Bobcat Goldthwait's 'God Bless America' [TIFF Review]

Bobcat Goldthwait has been pushing the line of political correctness over the years: Sleeping Dogs Lie told the story of a guy who learns his girlfriend has had sexual relations with a dog, World's Greatest Dad was about a man who uses the freak accidental death of his son to gain local fame as the ghost author of his son's posthumous journal. His latest film, which Bobcat said completes a trilogy of sorts, pushes the line even further.

After learning that he has brain cancer, Frank (played by Joel Murray of Mad Men, Shamelss) decides go out in a blaze of glory. A rebellious teenager named Roxy (Tara Lynne Barr) joins him on his crosscountry journey to rid America of all that is wrong with the country. I hate to tell you any more about the plot, as I feel it is better experienced as a discovery. I'm worried that the inevitable trailer will have to give too much away, and spoil much of the shocking surprises and laugh out loud moments.

God Bless America is not only a biting deconstruction of American culture, but a pitch-black comedy that is crude, violent and intelligent. The Natural Born Killers/Bonnie and Clyde-style rampage takes shocking political cues from Fight Club's Project Mayhem and features a smart ass-kicking young female sidekick ala Kick-ass/Super.

The film is a hilariously passionate rant which has somehow been adapted into a narrative storyline. It might not work as a piece of great filmmaking, but it definitely works as great entertainment and a passionate takedown of contemporary pop and political culture. The film has some pacing issues in the second half of the second act, but I'm sure that could be fixed once the final edit is in the can.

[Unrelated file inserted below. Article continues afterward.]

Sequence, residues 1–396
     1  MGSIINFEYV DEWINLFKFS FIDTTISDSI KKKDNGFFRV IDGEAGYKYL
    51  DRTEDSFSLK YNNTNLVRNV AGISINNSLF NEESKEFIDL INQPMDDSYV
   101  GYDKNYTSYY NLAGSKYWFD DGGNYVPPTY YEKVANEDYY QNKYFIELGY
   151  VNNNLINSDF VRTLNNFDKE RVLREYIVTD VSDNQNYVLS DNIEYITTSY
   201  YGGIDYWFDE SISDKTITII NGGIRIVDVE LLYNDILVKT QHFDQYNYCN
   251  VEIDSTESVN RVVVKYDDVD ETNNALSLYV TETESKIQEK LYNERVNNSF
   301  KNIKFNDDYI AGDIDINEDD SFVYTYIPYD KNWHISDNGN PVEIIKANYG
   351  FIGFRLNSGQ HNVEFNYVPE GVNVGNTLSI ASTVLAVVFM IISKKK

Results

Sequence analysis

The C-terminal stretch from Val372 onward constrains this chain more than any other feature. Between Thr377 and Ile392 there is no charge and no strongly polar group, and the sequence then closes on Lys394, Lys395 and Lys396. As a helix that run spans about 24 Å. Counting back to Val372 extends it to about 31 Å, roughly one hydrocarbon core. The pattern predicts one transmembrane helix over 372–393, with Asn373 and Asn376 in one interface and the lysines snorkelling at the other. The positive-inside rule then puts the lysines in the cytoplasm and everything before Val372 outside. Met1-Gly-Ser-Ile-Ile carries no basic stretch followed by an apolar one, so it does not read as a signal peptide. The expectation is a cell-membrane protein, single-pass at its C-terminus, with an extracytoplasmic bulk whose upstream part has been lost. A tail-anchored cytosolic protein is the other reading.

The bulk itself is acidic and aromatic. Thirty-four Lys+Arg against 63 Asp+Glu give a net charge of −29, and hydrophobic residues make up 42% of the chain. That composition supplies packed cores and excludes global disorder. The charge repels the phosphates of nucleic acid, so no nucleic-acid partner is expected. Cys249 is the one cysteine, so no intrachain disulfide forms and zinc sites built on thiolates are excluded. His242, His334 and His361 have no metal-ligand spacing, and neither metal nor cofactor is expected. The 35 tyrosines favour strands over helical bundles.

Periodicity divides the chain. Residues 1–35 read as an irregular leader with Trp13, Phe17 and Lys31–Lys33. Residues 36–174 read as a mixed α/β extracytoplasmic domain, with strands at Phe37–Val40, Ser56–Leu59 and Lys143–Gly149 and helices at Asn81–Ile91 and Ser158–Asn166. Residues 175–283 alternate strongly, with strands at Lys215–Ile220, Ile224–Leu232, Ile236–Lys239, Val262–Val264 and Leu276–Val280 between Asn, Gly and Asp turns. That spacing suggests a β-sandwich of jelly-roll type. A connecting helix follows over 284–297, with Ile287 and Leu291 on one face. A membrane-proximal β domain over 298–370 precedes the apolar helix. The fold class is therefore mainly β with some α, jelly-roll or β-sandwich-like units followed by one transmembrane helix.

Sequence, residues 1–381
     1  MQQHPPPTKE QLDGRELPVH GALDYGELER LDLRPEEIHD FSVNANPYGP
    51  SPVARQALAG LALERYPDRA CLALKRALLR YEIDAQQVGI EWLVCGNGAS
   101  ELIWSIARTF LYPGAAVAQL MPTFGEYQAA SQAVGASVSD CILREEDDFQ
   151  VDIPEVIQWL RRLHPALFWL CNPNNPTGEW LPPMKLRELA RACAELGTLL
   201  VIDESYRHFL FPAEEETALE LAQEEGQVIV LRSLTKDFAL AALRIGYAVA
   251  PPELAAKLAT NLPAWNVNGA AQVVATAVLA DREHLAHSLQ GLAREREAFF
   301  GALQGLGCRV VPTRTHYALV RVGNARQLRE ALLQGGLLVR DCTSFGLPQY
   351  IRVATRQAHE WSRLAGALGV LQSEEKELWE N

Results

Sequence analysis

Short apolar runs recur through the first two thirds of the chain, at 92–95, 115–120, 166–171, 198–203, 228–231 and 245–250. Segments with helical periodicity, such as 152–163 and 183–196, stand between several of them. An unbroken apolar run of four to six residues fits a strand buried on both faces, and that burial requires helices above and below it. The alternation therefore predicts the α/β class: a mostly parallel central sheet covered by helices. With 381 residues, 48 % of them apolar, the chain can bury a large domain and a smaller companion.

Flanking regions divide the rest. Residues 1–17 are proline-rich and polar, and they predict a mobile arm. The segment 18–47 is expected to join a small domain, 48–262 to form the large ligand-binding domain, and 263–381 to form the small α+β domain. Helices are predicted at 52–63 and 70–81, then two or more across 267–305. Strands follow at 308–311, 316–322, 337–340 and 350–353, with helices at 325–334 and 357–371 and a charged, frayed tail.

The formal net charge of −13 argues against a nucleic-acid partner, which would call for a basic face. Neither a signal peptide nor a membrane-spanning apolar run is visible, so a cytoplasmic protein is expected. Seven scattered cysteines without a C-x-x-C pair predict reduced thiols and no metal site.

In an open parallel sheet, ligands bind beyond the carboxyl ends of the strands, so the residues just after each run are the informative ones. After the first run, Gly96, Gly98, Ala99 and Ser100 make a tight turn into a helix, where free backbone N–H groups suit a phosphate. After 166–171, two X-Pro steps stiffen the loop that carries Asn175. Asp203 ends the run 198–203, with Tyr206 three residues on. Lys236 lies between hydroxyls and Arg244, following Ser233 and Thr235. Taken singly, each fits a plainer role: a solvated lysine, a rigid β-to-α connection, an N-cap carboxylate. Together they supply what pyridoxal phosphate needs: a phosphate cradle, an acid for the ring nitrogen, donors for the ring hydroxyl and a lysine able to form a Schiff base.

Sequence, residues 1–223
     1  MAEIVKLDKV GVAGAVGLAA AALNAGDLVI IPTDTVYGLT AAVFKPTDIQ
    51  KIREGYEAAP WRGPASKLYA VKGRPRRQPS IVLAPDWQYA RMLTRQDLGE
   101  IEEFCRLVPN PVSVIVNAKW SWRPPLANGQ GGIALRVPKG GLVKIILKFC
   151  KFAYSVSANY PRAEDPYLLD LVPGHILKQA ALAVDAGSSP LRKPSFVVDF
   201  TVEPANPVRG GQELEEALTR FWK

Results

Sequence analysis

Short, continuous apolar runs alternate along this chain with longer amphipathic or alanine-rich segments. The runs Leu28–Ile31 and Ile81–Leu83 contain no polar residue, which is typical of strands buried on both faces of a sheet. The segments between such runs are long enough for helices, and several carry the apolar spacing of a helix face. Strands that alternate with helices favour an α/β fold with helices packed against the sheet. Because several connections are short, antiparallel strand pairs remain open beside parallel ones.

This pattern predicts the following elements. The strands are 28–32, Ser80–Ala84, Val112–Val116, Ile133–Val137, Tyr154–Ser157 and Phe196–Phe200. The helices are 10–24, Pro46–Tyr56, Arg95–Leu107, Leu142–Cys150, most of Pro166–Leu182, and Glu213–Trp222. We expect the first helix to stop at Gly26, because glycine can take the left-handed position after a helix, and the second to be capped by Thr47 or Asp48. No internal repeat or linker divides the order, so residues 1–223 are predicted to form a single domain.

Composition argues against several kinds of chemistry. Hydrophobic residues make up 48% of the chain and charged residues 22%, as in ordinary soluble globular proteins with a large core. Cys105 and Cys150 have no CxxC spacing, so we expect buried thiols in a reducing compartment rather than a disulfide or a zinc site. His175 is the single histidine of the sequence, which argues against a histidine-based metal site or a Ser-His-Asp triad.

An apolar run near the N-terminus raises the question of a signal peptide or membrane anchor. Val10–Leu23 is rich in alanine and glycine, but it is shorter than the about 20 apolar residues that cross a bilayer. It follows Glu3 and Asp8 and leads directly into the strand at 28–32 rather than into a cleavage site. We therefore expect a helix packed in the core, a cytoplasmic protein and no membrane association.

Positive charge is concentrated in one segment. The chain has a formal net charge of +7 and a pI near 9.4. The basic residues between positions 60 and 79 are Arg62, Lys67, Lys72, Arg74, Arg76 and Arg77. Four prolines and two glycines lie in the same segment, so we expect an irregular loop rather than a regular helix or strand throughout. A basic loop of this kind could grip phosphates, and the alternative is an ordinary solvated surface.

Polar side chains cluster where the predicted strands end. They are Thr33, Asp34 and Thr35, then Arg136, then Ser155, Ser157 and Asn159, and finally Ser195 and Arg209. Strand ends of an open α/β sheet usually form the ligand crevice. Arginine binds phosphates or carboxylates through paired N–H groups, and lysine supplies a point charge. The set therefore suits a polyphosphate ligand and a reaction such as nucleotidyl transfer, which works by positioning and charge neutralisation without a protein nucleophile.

The film is an attack against the likes of Bill O'Reilly, Fox News, stupid moronic reality shows like Jackass, My Super Sweet 16, TMZ and American Idol, morning shows, the rudeness of the current generation (including but not limited to talking and texting in movie theaters), the reliance on cellphones and screens over human connection, and the recently developed cruel take-down culture of laughing and making fun of those less fortunate and making them into stars (William Hung, Rebecca Black).

Some may find the film too preachy or the topics too cheap/obvious, but Frank's rants were met with a dozen moments of applause by the audience at Ryerson theatre. The film  played more like a church sermon than a traditional feature film.

In his introduction to the film, Bobcat said that "This movie really is for sale. This is not some Red State bullshit," refering to Kevin Smith's fake auction and decision to self distribute at Sundance. I'm not sure how Richard Kelly and Darko Entertainment raised the funds for such an ambitious counter-culture film, but I hope some distributor has the guts to pick it up and give it a proper release.